Voyager 1 makes stellar comeback to science operations

Engineers coax veteran probe back to health

NASA's Voyager 1 spacecraft is back in action and conducting normal science operations for the first time since the veteran probe began spouting gibberish at the end of 2023.

All four of the spacecraft's remaining operational instruments are now returning usable data to Earth, according to NASA.

Some additional work is needed to tidy up the effects of the issue. Engineers need to resynchronize the timekeeping software of Voyager 1's three onboard computers to ensure that commands are executed at the correct times. Maintenance will also be performed on the digital tape recorder, which records some data from the plasma instrument for a six-monthly downlink to Earth.

As the 50th anniversary of Voyager 1's launch rapidly approaches, and with the probe now 15 billion miles (24 billion kilometers) from Earth, restoring functionality is quite an engineering feat.

Voyager 1's woes began in November 2023, when the spacecraft stopped transmitting usable data back to Earth. Rather than engineering and science data, NASA found itself faced with a repeating pattern of ones and zeroes, as though the spacecraft was somehow stalled.

Engineers reckoned the issue lay with the Flight Data System (FDS) and in March sent a command – dubbed a "poke" – to get the FDS to try some other software sequences and thus circumvent whatever was causing the problem.

The result was a complete memory dump from the computer, which allowed engineers to pinpoint where the corruption had occurred. It appeared that a single chip was malfunctioning, and engineers were faced with the challenge of devising a software update that would work around the defective hardware.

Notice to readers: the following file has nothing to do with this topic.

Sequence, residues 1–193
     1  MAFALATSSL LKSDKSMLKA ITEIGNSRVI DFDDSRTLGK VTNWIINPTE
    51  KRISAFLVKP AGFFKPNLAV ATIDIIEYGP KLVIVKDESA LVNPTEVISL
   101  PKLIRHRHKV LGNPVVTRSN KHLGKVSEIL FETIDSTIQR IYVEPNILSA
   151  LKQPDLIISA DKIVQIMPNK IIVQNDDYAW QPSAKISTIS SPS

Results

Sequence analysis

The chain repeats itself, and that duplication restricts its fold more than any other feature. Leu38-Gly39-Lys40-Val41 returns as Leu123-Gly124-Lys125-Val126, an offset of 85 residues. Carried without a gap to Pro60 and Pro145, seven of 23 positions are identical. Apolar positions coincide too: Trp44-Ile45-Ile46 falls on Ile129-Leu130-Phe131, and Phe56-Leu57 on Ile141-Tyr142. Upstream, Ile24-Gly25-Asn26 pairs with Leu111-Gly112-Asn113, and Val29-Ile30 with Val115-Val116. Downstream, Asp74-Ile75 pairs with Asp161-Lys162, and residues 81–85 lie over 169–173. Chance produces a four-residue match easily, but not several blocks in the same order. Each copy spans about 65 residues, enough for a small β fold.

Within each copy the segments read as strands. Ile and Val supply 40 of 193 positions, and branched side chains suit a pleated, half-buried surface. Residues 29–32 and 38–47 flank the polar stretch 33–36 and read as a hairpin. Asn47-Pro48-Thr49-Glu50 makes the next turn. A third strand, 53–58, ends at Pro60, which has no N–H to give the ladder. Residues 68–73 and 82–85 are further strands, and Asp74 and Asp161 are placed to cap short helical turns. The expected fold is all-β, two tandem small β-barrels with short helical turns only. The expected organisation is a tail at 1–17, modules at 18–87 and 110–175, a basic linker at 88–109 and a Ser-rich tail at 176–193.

Usable engineering data began to be returned later in April, and in May the mission team sent commands to instruct the probe to keep science data flowing. The result was that the plasma wave subsystem and magnetometer instrument began sending data immediately. According to NASA, the cosmic ray subsystem and low energy charged particle instrument required a little more tweaking but are now operational.

The rescue was made all the more impressive by the fact that it takes 22.5 hours for a command to reach Voyager 1 and another 22.5 hours for a response to be received on Earth.

How much longer the Voyagers can continue to function is open to conjecture. The power supplies are gradually degrading, and engineers have been turning off non-essential systems to eke out dwindling resources for as long as possible.

Due the engineers' efforts, there is a very good chance that one or both Voyagers will continue to be operational by the time the 50th anniversary of the mission's launch rolls around in 2027.

A fitting tribute to those who designed the spacecraft, and the mission's first project scientist, Ed Stone, who died recently at the age of 88. ®

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